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Mapping a new course with smartphone apps

George Avalos
The Mercury News

San Jose, Calif. — When it comes to map apps, consumers are finding plenty of fresh paths to digital navigation thanks to Google, Apple and a whole host of rivals.

Here WeGo, Waze, MapFactor, Mapquest, Scout GPS, Maps.Me and InRoute are just some of the apps that are challenging Google Maps and Apple Maps, which dominate smartphone mapping services, by focusing on new and novel features.

Google and Apple, though, aren’t content to stay in the slow lane of innovation. Both have added new features to their map apps in recent months, including enabling users to add interim destinations to go along with the ultimate stop on a trip. Google’s changes rolled out in an update to Google Maps this summer; Apple’s changes will be included in iOS 10, the soon-to-be released next version of its mobile operating system.

“Just open the app, enter a destination, tap the corner menu, and then click add a stop,” Google says in a blog post. “To rearrange the order of your stops, tap and hold the three-dot menu to the left of Add Stop and drag it to the position you want.”

The Apple Maps service has new features that seek to meld activities and services associated with a trip.

“Apps like OpenTable can integrate bookings right into Maps,” Apple says on its website. “Services like Uber and Lyft can make it easier for users to book a ride, without ever leaving the Maps app.”

And while this navigational arms race shifts into high gear, it’s become apparent the original stand-alone GPS devices are becoming stranded by the side of the road.

The proliferation of smartphone apps has reshaped a market once dominated by the stand-alone machines, such as TomTom, Garmin and Magellan. According to market research firm Berg Insight, worldwide shipments of personal navigation devices has decreased from 40 million units in 2008 to a projected 11 million by the end of this year. That number is expected to drop to just 7 million in 2019 — less than a tenth of projected smartphone map app users in that year.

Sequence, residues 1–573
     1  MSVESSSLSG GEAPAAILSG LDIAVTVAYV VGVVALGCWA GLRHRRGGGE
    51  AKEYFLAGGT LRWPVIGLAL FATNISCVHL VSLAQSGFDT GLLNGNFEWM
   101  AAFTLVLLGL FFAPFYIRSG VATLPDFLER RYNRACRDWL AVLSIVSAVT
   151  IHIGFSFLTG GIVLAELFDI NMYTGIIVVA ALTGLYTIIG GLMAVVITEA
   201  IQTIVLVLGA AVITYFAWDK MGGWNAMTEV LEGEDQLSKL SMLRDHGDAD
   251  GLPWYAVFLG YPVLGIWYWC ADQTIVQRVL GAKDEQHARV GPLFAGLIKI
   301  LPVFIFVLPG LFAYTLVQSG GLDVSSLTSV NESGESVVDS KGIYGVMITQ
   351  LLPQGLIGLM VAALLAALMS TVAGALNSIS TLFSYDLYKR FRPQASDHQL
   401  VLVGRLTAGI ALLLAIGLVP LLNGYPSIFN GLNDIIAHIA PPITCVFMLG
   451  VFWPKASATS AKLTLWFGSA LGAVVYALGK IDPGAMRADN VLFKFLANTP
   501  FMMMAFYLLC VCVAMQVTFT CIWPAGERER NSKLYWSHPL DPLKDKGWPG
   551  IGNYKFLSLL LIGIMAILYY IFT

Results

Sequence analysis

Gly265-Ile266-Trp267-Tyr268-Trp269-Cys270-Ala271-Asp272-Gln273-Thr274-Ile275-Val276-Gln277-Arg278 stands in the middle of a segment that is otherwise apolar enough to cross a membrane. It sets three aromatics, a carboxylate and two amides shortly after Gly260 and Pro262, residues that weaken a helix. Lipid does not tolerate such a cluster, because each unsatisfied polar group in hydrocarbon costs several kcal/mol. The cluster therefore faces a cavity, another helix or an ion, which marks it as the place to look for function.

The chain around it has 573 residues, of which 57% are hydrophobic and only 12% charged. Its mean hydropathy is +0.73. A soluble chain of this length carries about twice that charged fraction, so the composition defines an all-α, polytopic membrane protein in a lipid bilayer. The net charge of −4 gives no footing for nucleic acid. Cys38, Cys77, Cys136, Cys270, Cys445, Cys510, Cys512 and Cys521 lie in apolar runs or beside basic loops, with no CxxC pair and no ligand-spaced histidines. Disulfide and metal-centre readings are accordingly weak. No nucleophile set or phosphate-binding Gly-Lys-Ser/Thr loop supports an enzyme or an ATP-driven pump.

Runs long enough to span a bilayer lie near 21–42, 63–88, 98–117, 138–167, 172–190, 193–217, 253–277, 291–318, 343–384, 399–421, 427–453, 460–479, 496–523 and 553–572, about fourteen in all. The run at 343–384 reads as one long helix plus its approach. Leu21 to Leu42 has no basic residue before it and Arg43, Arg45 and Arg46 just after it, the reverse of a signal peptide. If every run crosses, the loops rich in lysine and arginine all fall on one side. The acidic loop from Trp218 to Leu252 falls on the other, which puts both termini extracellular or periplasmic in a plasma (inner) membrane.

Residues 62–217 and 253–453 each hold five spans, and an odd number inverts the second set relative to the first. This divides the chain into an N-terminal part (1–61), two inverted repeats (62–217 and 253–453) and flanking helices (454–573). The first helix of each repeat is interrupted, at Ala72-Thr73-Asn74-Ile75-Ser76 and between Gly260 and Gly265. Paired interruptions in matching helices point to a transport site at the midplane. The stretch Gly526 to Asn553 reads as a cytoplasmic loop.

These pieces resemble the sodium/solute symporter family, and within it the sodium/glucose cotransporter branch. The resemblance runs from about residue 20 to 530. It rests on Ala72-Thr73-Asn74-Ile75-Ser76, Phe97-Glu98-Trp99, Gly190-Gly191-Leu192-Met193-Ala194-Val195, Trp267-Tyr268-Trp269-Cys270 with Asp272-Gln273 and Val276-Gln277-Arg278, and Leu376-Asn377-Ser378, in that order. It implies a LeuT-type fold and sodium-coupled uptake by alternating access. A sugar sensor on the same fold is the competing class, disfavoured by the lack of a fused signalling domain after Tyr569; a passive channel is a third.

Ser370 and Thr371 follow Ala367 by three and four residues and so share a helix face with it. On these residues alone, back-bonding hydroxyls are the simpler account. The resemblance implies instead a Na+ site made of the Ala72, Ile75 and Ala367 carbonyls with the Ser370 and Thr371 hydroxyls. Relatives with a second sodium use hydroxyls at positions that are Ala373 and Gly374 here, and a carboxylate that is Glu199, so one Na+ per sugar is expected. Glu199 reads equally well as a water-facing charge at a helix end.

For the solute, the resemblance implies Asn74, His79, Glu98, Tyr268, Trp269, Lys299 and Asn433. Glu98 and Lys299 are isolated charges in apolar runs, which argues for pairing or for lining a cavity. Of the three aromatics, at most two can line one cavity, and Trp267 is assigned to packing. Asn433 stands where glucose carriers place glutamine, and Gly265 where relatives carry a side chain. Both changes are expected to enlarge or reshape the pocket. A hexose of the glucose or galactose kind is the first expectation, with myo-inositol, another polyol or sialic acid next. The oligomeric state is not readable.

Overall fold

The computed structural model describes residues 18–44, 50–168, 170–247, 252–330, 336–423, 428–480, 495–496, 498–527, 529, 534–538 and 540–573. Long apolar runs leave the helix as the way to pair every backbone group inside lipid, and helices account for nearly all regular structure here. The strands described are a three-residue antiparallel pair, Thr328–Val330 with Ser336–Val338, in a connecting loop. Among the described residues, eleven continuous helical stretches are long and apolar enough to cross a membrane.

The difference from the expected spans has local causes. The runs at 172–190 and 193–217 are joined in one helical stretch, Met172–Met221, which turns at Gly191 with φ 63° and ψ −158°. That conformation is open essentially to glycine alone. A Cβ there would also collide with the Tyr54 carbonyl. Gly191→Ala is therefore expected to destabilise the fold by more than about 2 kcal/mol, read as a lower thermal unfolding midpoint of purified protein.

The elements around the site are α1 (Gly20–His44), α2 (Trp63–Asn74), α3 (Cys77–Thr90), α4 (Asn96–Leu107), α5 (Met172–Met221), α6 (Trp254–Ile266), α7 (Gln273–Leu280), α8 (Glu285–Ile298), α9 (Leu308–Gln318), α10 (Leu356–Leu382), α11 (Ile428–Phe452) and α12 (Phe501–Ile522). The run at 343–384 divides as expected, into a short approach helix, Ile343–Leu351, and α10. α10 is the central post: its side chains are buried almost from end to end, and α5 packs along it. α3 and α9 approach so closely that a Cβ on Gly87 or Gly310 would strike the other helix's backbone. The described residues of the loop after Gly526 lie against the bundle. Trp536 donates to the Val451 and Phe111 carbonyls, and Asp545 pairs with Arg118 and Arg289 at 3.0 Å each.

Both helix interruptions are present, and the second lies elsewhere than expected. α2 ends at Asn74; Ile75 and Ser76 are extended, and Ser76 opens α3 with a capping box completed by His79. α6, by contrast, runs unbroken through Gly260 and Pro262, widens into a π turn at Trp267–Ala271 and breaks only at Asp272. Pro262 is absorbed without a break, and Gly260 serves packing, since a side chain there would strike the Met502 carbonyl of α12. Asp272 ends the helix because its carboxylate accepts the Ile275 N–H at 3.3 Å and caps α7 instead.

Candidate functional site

“Most consumers are using their smartphones as their primary navigation and map system,” said Ben Bajarin, an analyst with Creative Strategies, a market researcher. “Retailers, in a lot of cases, don’t really promote the stand-alone devices any more.”

The established map apps from Google and Apple offer a wide array of features, with the centerpiece being turn-by-turn navigation. And while the emerging apps also typically offer turn-based directions, they all attempt to offer niche features that also can go beyond the basics of the apps from the tech titans.

Google-owned Waze, whose service is separate from Google Maps, emphasizes the social aspects of traveling, and its new features include improved ways to share your estimated time of arrival with others. It also provides quick access to frequent destinations.

Other apps also seek to meld the drive with other services. Scout GPS emphasizes social interaction, including the ability to message friends and family and share your location or destination with designated people. Here WeGo allows you to summon taxicabs or access a ride-hailing service.

InRoute, designed mainly for long road trips, offers the ability to add numerous stops — and drivers can easily select routes that avoid areas with hot temperatures or hilly terrain.

Saying it makes “cities easier to use,” Citymapper is geared to the daily commuter. In addition to vehicle navigation, the app has found a way to coordinate public transit and ride-hailing services so people can plan integrated trips.

Experts predict the pace of innovation will pick up even more for map apps.

They might start taking note of what types of restaurants you visit and only suggest those when you’re looking for a place to eat.

“The unique personalization of mapping is the next step,” said Rob Enderle, an Oregon-based analyst who tracks the tech sector. “We are on that cusp.”